Research Highlights

doi:10.1038/nindia.2012.138 Published online 20 September 2012

Lysine biosensor

Researchers have made a novel biosensor that can detect minute traces of lysine, an essential amino acid in the human body, frequently used in food and pharmaceutical samples.

They made the sensor using the polymer polyaniline (PANI), lysine oxidase enzyme, gold nanoparticles, modified multi-walled carbon nanotubes (MWCNTs) and a gold electrode.

This biosensor will also be useful in monitoring lysine levels in human serum, as lysine deficiency has been linked to various pathological conditions, such as fatigue, bloodshot eyes, retarded growth, hair loss, anaemia and behavioural problems. Existing methods are complex and time-consuming, so simple and sensitive methods of lysine detection are needed.

To find such a technique, the researchers prepared the lysine biosensor by depositing PANI onto the gold electrode and then attached MWCNTs and gold nanoparticles to the electrode. Next, they smeared lysine oxidase onto the modified gold electrode. They compared the efficacy of the PANI-based biosensor with a similarly produced biosensor that replaced PANI with poly-1,2-diaminobenzene (DAB) in measurements of lysine levels in laboratory, pharmaceutical, food and human serum samples.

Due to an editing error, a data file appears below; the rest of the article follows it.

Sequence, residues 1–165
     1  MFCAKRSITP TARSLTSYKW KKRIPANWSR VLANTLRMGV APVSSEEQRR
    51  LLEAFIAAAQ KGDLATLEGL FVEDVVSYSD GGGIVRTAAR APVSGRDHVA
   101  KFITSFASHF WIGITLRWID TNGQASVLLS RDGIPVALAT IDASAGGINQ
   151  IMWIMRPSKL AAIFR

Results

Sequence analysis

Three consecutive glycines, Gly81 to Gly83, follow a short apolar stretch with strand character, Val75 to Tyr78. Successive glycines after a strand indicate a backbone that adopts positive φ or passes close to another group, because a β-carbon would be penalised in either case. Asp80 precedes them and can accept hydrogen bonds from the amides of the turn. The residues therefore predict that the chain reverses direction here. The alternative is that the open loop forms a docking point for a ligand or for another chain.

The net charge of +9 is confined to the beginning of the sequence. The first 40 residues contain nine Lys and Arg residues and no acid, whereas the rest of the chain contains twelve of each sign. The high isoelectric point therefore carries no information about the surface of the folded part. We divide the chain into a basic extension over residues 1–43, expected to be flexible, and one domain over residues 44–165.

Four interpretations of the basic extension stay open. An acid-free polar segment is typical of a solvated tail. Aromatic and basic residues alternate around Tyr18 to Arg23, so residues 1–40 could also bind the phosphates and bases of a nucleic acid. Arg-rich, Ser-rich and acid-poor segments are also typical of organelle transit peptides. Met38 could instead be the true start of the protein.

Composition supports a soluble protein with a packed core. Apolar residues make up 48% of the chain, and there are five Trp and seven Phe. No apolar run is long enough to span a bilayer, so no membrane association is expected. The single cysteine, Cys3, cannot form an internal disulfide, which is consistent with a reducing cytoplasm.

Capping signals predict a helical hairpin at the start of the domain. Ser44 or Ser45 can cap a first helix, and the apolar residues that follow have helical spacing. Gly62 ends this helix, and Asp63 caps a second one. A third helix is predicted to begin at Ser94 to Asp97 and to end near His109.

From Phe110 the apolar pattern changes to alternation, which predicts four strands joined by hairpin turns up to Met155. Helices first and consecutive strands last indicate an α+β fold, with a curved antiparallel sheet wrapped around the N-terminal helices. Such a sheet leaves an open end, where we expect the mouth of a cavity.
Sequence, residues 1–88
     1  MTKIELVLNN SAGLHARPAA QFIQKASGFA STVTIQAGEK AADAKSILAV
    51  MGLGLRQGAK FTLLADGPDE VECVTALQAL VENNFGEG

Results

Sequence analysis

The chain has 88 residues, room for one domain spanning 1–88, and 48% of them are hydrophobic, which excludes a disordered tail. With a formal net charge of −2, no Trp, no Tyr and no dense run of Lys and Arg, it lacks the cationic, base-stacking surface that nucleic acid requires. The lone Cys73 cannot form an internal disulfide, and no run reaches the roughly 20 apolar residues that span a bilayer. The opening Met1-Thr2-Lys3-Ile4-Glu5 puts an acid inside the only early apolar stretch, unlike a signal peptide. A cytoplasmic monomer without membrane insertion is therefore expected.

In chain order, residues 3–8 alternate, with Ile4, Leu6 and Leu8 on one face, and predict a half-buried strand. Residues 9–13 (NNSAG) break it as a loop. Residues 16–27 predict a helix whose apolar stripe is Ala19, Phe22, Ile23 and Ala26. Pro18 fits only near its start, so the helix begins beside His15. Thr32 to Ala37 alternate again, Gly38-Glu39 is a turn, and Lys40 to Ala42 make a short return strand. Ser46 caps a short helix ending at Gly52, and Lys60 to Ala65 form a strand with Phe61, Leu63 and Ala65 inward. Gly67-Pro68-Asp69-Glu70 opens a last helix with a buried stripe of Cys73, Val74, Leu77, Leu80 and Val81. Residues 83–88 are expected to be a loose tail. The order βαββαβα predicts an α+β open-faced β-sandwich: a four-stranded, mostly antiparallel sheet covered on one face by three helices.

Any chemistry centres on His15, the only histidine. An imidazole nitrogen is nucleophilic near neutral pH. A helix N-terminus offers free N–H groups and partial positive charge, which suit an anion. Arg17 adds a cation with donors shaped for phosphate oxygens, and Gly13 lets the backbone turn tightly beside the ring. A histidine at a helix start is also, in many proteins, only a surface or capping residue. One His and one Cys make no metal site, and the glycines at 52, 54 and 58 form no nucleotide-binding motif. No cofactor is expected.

Both biosensors were exposed to varying concentrations of lysine in laboratory samples at 0.4 V. The PANI- and DAB-based biosensors showed optimum response showing linear increases in current with increasing lysine concentrations.

The PANI-based biosensor detected lysine even in the presence of interfering biologically relevant amino acids and other organic compounds such as methionine, proline, uric acid, ascorbic acid, arginine and glutamic acid. In addition, the PANI-based biosensor successfully detected lysine in milk samples, amino acid tablets and human serum.

"After being used 100 times and stored at 4°C, the PANI-based biosensor showed a half-life of 120 days, compared to 90 days for the DAB-based biosensor," says lead researcher C. S. Pundir.

The authors of this work are from: Department of Biochemistry, M. D. University, Rohtak, and Department of Biotechnology, UIET, Kurukshetra University, Haryana, India.


References

  1. Chauhan, N. et al. Development of amperometric lysine biosensors based on Au nanoparticles/multiwalled carbon nanotubes/polymers modified Au electrodes. Analyst. doi: 10.1039/C2AN35629E (2012)